Russia has put into effect the a new law aimed at curtailing hooliganism among football spectators that will, among other things, prohibit spectators from bringing pyrotechnic equipment, coloring substances, anything of a political, Nazi, extremist or provocative nature, to stadiums. They will also not be allowed to hide their faces behind masks.

The new law, dubbed the “Fans Law,” restricts also placards containing insults or obscene images at stadiums, and foreign-language signs must have translations that are notarized or otherwise approved by the event organizers.

One of the primary innovations of the law is the compilation of black lists of fans. Stadium visitors accused of serious infractions could be banned from attending sporting events for up to seven years. Those violating the prohibition may be fined 15,000 rubles ($455) or jailed for 15 days.

Amendments to the law place responsibility for disorderly behavior on event organizers. The penalty for the first violation is a warning; the second results in a suspension of operations.

Significantly, the police, who currently maintain order at the stadiums, will be joined by the stadiums’ security corps – an equivalent of the football stewards now working in a number of European countries. A new surveillance system will also be used, the need for one being a popular topic lately because of the difficulty of identifying perpetrators in footage from stadiums.

The new law comes after a wave of disruptive and potentially violent incidents at Russian stadiums during the past six months. In September 2012 the championship game between the Moscow Dynamo and Torpedo football clubs could not come to an end because fans threw smoke grenades into the field. In November of the same year, during a match between Dinamo and the St. Petersburg Zenit, a firecracker fired from the stands injured Anton Shunin, the Moscow club’s goalkeeper.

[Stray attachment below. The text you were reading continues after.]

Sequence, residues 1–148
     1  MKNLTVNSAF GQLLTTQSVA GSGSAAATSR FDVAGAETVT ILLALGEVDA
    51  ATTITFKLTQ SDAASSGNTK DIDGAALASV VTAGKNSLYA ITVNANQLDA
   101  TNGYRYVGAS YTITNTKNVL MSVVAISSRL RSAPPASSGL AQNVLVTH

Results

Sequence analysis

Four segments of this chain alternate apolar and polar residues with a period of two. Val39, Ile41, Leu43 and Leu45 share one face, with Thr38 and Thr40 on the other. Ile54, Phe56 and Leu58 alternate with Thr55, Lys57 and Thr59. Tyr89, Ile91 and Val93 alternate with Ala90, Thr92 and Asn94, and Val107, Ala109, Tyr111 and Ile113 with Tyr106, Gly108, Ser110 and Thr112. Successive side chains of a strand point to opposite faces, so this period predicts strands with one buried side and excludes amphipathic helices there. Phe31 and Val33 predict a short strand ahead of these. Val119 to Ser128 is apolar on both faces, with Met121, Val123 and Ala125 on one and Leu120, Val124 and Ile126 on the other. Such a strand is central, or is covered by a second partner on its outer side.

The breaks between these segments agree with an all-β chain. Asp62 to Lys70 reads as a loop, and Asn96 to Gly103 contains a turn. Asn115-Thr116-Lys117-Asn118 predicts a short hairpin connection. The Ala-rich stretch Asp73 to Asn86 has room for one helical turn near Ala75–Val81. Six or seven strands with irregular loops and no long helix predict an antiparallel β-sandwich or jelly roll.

There were highly publicized mass disturbances at a stadium in Yaroslavl, when Spartak fans clashed with the local Special Police Force (OMON), and a Nazi flag appeared in the guest stands.

Before the law was enacted, troublemakers at Russian matches were very rarely identified, whereas law-abiding fans were dissatisfied with the actions of the “radical” fans and the harsh measures taken by the law-enforcement agencies.

“Spectators at sports events now know the rules that apply to them, the way it has been with motorists, for instance,” said Alexander Shprygin, president of the All-Russia Organization of Fans. “Still, there are issues that have not been addressed. For example, we don’t like the fact that the law has not been made more specific. When we’re talking about the rules of the road, if you don’t have your seatbelt on, you get one type of penalty; if you are drunk driving, it’s another penalty. But here, whether you were swearing or you ran onto the field and interrupted the match, it’s all at the judge’s discretion.”

Mikhail Grushevsky, a well-known parodist and a CSKA fan, said he believed that such a law is long overdue, although he adds that penalties must be meted out individually rather than in a sweeping wholesale manner.

“I believe the most effective measure for dealing with the fans would be the inclusion in stop-lists for lengthy periods of time of the names of those who have altercations with the police, throw firecrackers onto the field, or injure footballers,” Grushevsky said. “You don’t penalize the mass of fans, you penalize individuals. And if someone’s shown himself to be a hooligan, I would keep him away from all sports, not just football alone.”

First published in Russian in Gazeta.ru.